TOKYO: Tibetan spiritual leader the Dalai Lama said he was surprised at China's protest against his planned visit to an area of India claimed by Beijing, hinting he backed India on the border issue.
The Dalai Lama also criticised China's one-party rule and its state-controlled media, while praising India's "successful" democracy.
The Buddhist monk, who arrived in Tokyo Friday for a week-long stay in Japan ahead of November 8 visit to Arunachal Pradesh state in the northeast of India where China and India fought a border war in 1962.
"I was surprised" at China's criticism of the planned visit, the Dalai Lama told reporters when asked about the motive behind his trip.
"Because in (19)62, the People's Liberation Army already reached that area, already occupied... then India sort of pushed them back. The Chinese government unilaterally (made) ceasefire, withdrawal," he said. "So what's the problem?"
The Dalai Lama, who fled to India in 1959 after China crushed an anti-Chinese uprising in Tibet, is viewed as a "splittist" by Beijing, although he says he wants autonomy rather than full independence for his Himalayan homeland.
China has said it is "firmly opposed" to the Dalai Lama's trip to Arunachal Pradesh.
"One reason why India is successful in democracy is ... that (for) more than 2000 years India (has had) this strong tradition to respect different views," the Dalai Lama said, stressing the importance of respecting different religions and the views of non-believers.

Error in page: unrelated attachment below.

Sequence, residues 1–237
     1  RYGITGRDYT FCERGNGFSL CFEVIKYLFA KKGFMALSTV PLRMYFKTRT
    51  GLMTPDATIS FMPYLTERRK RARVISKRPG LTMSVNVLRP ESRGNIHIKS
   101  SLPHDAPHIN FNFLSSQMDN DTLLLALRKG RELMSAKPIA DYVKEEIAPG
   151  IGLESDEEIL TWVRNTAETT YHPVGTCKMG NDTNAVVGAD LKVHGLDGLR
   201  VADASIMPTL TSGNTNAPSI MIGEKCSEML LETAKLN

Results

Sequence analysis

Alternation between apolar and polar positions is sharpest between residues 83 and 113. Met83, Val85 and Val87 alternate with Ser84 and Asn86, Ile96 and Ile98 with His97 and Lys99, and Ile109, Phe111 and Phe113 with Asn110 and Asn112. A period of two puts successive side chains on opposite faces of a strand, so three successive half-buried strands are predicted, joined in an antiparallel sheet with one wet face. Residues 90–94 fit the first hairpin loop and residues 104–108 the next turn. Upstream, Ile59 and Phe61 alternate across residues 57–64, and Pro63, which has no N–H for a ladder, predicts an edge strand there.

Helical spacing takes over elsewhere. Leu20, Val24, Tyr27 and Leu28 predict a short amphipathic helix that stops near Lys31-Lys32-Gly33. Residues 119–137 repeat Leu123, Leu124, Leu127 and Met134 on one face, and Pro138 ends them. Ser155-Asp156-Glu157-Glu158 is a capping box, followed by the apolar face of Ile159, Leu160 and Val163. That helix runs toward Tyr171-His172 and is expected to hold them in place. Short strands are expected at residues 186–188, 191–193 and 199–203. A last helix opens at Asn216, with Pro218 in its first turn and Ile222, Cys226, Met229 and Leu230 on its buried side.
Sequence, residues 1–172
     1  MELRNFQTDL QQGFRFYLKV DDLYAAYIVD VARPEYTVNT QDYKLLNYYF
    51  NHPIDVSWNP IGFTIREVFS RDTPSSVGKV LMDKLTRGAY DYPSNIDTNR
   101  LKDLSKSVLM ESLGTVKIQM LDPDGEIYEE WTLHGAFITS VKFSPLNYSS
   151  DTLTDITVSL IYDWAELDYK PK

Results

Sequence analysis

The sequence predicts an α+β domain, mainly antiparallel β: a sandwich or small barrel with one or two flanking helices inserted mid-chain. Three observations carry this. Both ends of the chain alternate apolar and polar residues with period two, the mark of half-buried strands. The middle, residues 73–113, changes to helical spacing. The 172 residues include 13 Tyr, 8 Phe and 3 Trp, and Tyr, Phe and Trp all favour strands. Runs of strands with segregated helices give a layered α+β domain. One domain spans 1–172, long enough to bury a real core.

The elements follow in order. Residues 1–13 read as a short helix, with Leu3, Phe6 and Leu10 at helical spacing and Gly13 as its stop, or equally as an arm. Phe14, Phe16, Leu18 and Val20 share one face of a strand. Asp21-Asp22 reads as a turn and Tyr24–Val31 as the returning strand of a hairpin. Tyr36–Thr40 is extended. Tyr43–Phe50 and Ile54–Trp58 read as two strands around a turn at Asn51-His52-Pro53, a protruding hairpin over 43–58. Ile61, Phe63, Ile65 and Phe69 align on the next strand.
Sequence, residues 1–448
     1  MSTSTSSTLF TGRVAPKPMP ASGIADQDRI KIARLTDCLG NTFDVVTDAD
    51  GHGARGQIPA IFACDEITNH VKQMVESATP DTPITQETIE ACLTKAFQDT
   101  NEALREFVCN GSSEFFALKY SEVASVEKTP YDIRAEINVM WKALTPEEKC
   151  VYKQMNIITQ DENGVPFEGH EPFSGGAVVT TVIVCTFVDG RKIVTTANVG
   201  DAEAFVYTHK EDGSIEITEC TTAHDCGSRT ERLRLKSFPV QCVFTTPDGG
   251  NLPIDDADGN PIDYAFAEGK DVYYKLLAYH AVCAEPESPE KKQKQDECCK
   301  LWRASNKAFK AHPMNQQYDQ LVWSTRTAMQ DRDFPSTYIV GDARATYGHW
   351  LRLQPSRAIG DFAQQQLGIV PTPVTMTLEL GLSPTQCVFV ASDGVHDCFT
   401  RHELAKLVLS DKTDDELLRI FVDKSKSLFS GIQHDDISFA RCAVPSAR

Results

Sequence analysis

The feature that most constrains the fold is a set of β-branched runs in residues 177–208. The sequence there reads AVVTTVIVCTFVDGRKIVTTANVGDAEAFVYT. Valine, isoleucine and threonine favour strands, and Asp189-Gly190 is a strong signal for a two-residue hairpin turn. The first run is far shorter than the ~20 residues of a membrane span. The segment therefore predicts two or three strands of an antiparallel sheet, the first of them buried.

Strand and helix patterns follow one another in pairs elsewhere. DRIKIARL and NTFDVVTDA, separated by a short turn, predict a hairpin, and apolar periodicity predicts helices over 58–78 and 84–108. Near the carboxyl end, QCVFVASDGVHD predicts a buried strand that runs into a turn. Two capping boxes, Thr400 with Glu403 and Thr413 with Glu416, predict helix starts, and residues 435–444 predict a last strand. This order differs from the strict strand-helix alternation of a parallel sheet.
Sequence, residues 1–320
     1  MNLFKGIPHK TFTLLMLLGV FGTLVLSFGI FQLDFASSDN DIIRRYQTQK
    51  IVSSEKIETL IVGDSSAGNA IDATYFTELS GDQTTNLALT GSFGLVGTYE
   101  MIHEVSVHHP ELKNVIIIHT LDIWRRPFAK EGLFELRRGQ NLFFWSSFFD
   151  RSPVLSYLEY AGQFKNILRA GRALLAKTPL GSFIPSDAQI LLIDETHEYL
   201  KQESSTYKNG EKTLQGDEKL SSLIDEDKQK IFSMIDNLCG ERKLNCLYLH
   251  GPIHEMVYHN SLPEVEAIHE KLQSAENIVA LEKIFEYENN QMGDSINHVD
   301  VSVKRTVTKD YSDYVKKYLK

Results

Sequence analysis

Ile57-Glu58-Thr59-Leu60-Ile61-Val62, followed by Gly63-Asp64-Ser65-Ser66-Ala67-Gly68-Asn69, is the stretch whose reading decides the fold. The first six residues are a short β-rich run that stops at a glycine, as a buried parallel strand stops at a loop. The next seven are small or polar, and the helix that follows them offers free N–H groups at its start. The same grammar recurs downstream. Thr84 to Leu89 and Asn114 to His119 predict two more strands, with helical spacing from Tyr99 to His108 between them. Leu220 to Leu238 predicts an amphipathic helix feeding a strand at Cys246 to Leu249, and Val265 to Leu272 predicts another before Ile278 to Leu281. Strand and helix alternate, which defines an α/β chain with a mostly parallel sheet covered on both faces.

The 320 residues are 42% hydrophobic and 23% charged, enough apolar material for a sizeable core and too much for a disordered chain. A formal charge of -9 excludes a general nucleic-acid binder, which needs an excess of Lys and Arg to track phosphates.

He also criticised China's one-party state and lack of media freedom.
"People in China (have) no free information, too much sensation. And their own newspaper, media -- all their information is one-sided propaganda," he said.
The Dalai Lama called for journalists from the international media to visit China to "find the reality" in the western regions of Tibet and Xinjiang, home to the Tibetan and Uighur ethnic minorities, respectively.
Deadly unrest broke out in Tibet in March 2008 and July this year in Xinjiang as part of long-standing friction between China's majority Han population and ethnic minorities.